Profit-making idea: Egypt is a Trump trade

Cairo, Egypt

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(The below article is an excerpt of a note by Charles Robertson, global chief economist at Renaissance Capital, that was emailed to the media.)

Egypt is a Trump trade and a structural reform story that is attracting investors.

We remain bullish on Egypt for a host of reasons. We see Egypt as the second “Trump trade” after Russia, given the new US president’s admiration for President Sisi. This is likely to reinforce international financial institution support for reform in the country, already seen in the new IMF deal. The government has demonstrated its zeal for reform by cutting subsidies since it took power in 2013 and introducing VAT, and it now promises much needed legal reforms too. Meanwhile UK and Russian energy companies have in the past two months invested over a billion dollars into Egypt’s new Zohr gas field, which could turn Egypt into a net energy exporter again by 2019; portfolio investors are also returning. The recent eurobond was oversubscribed and looks like good value.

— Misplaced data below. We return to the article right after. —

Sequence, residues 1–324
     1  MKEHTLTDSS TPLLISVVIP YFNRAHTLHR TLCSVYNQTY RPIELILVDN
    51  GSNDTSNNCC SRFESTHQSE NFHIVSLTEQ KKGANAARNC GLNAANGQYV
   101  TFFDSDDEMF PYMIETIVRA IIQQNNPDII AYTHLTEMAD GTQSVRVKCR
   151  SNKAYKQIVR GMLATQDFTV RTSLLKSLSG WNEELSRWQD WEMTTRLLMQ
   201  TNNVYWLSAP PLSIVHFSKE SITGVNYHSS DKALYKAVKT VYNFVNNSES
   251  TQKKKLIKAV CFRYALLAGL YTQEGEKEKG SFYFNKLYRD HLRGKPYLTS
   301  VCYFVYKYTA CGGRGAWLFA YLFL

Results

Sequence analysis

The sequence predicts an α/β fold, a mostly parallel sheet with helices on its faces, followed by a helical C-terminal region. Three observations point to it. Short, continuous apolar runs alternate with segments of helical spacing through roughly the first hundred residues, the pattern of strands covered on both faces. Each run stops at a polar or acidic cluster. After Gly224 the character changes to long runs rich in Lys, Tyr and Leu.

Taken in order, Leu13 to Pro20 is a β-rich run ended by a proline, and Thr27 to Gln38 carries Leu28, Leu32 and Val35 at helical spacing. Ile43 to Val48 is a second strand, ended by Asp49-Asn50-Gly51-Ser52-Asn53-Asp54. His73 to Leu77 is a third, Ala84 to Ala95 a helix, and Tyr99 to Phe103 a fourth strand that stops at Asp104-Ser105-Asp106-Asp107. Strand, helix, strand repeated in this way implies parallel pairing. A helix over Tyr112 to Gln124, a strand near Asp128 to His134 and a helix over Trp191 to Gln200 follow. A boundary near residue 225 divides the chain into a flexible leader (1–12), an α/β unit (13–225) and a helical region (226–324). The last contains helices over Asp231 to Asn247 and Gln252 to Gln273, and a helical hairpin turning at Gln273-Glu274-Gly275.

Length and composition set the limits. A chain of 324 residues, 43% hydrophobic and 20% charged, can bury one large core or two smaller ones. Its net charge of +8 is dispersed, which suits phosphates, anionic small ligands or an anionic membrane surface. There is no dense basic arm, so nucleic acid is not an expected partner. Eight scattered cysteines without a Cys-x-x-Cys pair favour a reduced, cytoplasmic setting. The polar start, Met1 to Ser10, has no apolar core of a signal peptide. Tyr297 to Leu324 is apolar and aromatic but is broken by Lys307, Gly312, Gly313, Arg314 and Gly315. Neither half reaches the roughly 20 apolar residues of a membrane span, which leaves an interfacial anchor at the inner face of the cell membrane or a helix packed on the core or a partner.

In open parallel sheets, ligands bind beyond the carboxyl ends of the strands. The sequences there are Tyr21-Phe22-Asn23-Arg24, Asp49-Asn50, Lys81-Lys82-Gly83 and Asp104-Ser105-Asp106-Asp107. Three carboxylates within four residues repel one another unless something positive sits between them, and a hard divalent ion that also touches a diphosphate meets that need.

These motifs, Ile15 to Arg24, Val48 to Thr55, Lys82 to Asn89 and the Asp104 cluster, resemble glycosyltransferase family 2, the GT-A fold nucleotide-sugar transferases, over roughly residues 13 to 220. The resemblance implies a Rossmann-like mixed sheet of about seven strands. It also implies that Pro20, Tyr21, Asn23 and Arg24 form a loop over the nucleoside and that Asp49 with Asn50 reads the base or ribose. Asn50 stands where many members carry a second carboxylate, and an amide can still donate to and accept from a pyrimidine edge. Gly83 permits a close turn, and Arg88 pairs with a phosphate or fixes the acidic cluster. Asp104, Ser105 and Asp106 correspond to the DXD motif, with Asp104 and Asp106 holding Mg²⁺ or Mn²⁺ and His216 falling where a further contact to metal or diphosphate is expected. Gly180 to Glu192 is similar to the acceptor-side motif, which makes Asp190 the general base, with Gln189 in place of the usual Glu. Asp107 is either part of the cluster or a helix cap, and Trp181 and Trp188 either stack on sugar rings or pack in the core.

Most important is Egypt has the cheapest currency in emerging markets, frontier markets or Africa, based on our 22-year real effective exchange rate (REER) model, which suggests fair value for the currency is EGP12.9/$, but local sentiment has become more cautious on the currency in the past two months. In Cairo, corporates and banks have shifted from talk of EGP14.5/$ in 2017 to EGP17-18/$, and suggest EGP24-28/$ may be realistic by 2021. We think shock over the scale of the devaluation and inflation worries are to blame for this shift. We argue the Egyptian pound could still strengthen to EGP15.5/$ this year, providing inflation is capped at around 20-25%, which might require rate hikes from the Central Bank of Egypt (CBE) in February or March to suppress inflation expectations.

We expect growth to be 3% this fiscal year (the government and IMF forecast 4%) but to double to 6% in the next three fiscal years starting in 2017/2018 (above IMF expectations). Connected to that we see the current account shrinking faster than the IMF assumes, which in turn should help the Egyptian pound strengthen and push inflation down. We struggle to see any scenario (bar inflation above 40%) that would justify sustained currency weakness from here.